Jane Eyre by Charlotte Bronte This work is considered exceptional by our editorial staff.

July 8, 2010
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If you ignore the fact that Jane Eyre is five times longer than it needs to be and uses ancient words like “ere” and “salubrious,” then this novel definitely has some soap opera potential.

It starts off with an orphan (think Oliver Twist) with a very horrible aunt (think Harry Potter). Proceed to boarding school and position as governess. But before the heroine can fall in love with and marry her master, Mr. Rochester, the author throws in the beautiful, rich Ms. Ingram to make Jane jealous, as well as the crazy, psychotic Bertha Mason, whose existence makes marriage legally impossible.

So what does Jane do? She runs off, experiences two days of homelessness, and then chooses the one house in all of England whose inhabitants are actually her long-lost cousins. The only thing less likely than that is if she had won the lottery. But wait – that basically happens too, when Jane’s long-lost uncle dies and leaves her with twenty thousand pounds.

Jane, being the wonderful and generous person that she is, divides the money among her three newfound cousins. Shortly thereafter, one of them proposes to her. She refuses and runs back to her beloved Mr. Rochester, who never stopped missing her. Unfortunately, he has since become blind and one-armed, and thinks Jane no longer loves him. But she does, and they finally get married.

So after a lot of reading and thinking, “I wish this description of the woods would finally be over,” Jane Eyre finally has her happily ever after, and I’m finally done with my summer reading.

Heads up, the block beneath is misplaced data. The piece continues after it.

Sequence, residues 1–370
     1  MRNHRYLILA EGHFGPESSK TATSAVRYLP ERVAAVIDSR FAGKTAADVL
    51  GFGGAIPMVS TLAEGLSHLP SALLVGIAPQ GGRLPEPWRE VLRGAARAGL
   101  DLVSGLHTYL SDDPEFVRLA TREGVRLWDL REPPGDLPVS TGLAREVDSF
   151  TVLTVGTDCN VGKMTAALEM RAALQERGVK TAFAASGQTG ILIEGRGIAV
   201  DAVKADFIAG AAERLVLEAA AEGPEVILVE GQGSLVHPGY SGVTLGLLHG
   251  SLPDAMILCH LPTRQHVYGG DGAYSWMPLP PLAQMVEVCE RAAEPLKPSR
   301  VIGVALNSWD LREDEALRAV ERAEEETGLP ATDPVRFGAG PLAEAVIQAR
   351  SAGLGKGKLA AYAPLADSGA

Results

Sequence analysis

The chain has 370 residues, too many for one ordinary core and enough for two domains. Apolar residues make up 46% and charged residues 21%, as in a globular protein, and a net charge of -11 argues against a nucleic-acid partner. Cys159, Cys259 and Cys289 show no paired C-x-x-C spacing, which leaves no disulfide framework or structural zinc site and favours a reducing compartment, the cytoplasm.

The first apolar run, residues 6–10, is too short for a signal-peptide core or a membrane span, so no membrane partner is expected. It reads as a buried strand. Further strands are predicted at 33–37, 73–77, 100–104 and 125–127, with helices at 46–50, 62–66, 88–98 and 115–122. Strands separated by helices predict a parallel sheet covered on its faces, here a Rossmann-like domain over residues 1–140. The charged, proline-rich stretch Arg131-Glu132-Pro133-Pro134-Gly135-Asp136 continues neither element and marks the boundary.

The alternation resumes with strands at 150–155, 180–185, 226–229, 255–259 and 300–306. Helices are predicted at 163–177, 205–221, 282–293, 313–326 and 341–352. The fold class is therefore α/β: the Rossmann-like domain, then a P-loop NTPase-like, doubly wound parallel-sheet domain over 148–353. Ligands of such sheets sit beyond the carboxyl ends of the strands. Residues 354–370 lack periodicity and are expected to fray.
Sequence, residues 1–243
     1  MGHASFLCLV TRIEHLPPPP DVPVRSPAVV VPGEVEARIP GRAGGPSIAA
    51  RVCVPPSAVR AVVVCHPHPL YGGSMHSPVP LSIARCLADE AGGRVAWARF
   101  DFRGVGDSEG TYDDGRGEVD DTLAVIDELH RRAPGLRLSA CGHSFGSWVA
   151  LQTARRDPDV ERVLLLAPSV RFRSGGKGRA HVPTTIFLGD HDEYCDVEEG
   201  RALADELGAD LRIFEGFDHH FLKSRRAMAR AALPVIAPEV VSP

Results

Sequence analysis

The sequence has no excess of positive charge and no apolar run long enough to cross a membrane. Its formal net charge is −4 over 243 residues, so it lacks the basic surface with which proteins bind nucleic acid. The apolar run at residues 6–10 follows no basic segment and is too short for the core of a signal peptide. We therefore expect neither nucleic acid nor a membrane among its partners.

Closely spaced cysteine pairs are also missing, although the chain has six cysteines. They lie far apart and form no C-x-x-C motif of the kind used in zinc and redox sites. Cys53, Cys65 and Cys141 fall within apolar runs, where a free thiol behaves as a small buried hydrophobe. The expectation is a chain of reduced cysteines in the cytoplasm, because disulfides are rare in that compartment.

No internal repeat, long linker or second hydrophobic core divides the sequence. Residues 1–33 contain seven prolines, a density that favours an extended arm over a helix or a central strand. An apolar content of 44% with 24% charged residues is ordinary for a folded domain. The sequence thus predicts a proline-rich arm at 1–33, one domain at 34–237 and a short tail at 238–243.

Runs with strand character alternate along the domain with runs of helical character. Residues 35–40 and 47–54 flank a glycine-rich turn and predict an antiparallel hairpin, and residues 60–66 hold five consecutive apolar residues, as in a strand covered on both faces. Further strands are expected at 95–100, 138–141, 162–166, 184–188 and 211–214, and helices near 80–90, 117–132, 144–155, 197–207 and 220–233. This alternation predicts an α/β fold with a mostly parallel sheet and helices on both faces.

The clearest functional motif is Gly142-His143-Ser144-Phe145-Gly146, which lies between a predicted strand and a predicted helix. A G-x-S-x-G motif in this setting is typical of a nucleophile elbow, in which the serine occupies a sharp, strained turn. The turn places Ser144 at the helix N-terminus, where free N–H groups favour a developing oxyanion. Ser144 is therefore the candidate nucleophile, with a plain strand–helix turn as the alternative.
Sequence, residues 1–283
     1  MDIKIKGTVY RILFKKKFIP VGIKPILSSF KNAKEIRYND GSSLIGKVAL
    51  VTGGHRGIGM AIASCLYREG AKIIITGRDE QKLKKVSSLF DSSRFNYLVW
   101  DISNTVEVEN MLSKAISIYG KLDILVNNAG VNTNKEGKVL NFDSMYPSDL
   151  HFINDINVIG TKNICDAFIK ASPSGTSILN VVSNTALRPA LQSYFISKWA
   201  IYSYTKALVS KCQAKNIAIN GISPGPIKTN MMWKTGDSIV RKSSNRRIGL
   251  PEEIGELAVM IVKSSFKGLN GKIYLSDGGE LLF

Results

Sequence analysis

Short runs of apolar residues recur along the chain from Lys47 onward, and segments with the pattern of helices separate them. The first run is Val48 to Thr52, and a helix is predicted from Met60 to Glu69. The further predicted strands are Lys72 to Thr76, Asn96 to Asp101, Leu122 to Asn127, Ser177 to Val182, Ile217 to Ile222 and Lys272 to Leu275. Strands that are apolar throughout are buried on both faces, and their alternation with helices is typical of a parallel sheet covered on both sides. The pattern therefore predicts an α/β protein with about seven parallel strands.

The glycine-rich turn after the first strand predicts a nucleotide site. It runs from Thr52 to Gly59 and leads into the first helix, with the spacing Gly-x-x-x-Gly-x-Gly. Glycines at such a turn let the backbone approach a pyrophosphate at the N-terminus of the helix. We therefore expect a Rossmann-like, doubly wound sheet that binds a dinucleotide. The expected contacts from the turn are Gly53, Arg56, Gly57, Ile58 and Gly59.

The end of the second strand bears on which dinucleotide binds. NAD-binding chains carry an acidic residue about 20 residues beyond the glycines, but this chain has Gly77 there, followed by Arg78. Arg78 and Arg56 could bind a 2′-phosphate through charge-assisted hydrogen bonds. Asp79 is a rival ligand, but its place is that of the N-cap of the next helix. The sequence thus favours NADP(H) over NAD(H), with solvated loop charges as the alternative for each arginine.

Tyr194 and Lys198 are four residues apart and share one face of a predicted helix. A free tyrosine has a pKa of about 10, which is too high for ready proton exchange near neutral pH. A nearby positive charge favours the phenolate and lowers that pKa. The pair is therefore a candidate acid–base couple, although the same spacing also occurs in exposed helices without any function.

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iDogrocker said...
Jul. 17, 2010 at 5:33 pm
This is a good review, aside from a couple moderately juvenile thoughts ;) You seemed to almost get bored with the review by the end, like you were ready to be rid of any and everything to do with Jane. Thanks for the information, though!
a.m.f said...
Jul. 15, 2010 at 9:35 pm
I like this review; it's entertaining and it sums the book up pretty well. I totally agree with your views about the book; the review is full of sarcasm, and it's obvious that this review is very opinionated.  Usually reviews show a hint of opinion by the author, but that can sometimes cause a few problems.  You want reviews to be more...I don't know, less bias, if you get what I'm saying.  Yes, it is impossible not to show some of your views in a review, but you want to try ... (more »)
Esther V. This work has been published in the Teen Ink monthly print magazine. replied...
Jul. 16, 2010 at 7:27 am
i completely understand what you mean about how the review is supposed to be less biased, but for this one i definitely felt like putting in more sarcasm and opinion. im glad you think it was entertaining, i was definitely aiming for that :)
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